Mr. Hanes said he took from his relatives a strong work ethic. He said what stuck with him was the example set by his father, James Jr., who presided over the merged Hanes Corporation’s substantial growth and also served as North Carolina state senator in the 1960s. “What parents say tends to bounce off of you, but watching the way they lived their life never does,” he said. “My father worked extra hard. In his business and the way he treated other people, he had integrity and honesty.”
One lesson that stood out was when his father, as state senator, sued the county to force a park to integrate. It had been willed to Winston-Salem for white residents by a descendant of R.J. Reynolds, the tobacco magnate, with the stipulation that any challenge would prompt the park to revert to the family.
“It wasn’t a good political move, but he said it was the right move,” Mr. Hanes said. His father was subsequently voted out of office.
After working in the family business, Mr. Hanes started his own company, the Xpres Corporation, which, among other things, had a system of printing the winning Super Bowl score on T-shirts within hours. He expanded the business to 1,500 people and sold it in 2008.
“The first and most important lesson was you were honest in everything that you do,” he said. “You don’t lie to people. There are some people who say all’s fair in love and war. My family wasn’t one of them.”
Winthrop H. Smith Jr.’s father died when he was 11, but his legacy guided the son’s life. Mr. Smith’s father worked behind the scenes with Charlie Merrill to help build Merrill Lynch into a brokerage firm that looked to focus on Main Street.
Many of his lessons came from the people he met when he began working at Merrill after college. “I learned how important having integrity was and having a core set of principles,” Mr. Smith said.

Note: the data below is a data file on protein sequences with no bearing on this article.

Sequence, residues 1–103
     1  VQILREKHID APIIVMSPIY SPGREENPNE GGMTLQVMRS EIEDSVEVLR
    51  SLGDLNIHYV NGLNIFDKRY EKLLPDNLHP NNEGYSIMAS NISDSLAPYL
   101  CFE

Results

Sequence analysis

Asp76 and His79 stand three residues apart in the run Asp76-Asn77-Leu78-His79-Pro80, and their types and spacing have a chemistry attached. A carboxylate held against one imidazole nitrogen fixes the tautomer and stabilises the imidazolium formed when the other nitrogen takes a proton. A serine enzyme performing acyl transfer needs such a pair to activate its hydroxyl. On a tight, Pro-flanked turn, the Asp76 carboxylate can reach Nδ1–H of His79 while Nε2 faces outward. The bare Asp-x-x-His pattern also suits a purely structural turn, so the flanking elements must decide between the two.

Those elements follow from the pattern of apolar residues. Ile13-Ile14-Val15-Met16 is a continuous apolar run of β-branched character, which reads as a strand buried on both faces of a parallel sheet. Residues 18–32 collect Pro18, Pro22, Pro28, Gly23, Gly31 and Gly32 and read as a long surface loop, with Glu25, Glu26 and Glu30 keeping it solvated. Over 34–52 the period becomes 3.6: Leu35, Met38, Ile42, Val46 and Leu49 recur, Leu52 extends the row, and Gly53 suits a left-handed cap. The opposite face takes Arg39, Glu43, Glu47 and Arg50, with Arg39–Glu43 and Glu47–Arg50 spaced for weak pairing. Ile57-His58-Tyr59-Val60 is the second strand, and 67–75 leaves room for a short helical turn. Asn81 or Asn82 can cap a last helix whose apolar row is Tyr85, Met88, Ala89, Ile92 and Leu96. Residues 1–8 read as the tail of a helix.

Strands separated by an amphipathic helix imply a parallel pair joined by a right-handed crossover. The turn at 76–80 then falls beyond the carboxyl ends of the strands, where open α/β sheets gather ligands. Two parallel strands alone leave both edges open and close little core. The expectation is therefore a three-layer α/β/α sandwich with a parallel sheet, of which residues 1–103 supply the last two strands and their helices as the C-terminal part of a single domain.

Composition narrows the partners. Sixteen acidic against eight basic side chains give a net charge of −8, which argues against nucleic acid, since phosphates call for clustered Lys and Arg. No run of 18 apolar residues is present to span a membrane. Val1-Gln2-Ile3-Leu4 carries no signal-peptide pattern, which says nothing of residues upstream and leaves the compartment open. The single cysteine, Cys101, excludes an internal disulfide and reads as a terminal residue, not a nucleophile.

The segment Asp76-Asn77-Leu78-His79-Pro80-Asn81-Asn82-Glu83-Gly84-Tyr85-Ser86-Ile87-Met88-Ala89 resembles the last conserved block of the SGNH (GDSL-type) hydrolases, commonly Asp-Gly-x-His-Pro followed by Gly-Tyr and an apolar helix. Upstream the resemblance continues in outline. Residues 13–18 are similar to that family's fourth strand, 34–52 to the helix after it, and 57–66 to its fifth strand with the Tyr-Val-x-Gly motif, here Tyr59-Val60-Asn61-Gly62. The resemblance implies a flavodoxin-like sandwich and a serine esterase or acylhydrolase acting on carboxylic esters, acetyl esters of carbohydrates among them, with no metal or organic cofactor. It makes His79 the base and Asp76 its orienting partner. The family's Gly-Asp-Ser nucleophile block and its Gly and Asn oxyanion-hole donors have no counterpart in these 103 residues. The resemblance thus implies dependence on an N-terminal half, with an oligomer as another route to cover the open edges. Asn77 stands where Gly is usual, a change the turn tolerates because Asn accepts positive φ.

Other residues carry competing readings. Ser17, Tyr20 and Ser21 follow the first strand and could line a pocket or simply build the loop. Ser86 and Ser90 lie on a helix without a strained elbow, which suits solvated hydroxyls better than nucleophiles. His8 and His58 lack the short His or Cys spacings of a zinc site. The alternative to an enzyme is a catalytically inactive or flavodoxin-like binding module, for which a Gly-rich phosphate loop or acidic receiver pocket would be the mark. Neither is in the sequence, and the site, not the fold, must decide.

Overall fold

After 28 years rising through the ranks, Mr. Smith said, his principles prompted him to give up a plum job as a vice chairman when E. Stanley O’Neal was appointed chief executive.
“He didn’t understand our culture or direction,” Mr. Smith said. “I impulsively said, ‘Stan, I can’t work for you, best of luck,’ and I walked out. I got home that night and said, ‘What did I do?’ I had to do it because I wouldn’t have felt good looking in the mirror.”
Mr. Smith says he was vindicated. Mr. O’Neal’s actions led the firm to the brink of collapse during the financial crisis, prompting a fire sale to Bank of America.
Today Mr. Smith owns the Sugarbush Ski Resort in Vermont, to which he tries to apply similar principles. “If you focus on the customer you have a winning strategy,” he said. “If I’m pretending it’s snowing when it’s raining, that’s not in the customer’s interest — he’s going to have a lousy time.”
A Support System
The family behind Johnson & Johnson, maker of Band-Aids and Tylenol, has had numerous and embarrassing public spats over the decades. Jazz Johnson, whose brother Jamie directed the trust-fund tell-all film “Born Rich,” describes the family as being “an organization of thrill seekers who love alcohol and are borderline crazy.”
In her book “The Social Climber’s Bible,” written with her non-Johnson uncle, Dirk Wittenborn, Ms. Johnson jokes about being 7 and asking why her grandparents were no longer married. “The answer: Grandpa had met and married an incredibly gifted social climber who, besides being a penniless Polish immigrant 41 years Grandpa’s junior, also happened to be the upstairs maid,” she wrote. The noncomic version includes a lengthy legal battle over her grandfather’s $400 million estate when he died in 1983.
Ms. Johnson said one of the things she learned from her family was to ignore people’s backbiting, which led her to write her tongue-in-cheek book about social climbing. “What happens whether you’re wealthy or not is people are never satisfied,” said Ms. Johnson, who runs her family’s 2,000-acre farm in New Jersey. “People are compelled to climb the ladder.”
Today, Ms. Johnson, 36 and married with children, says she finds the formal Johnson family meetings educational and fascinating. Very little time, she said, was spent talking about the family fortune.
“Because we’re so close, we go through these exercises to get to understand the other’s perspective and how other perspectives fit into the mix and can be applied to family interactions,” she said. “Everyone is so different, but we get along well.”
She added, “Forget money. One of the great luxuries of big families is you always have your family members to fall back on.”
Originally published in The New York Times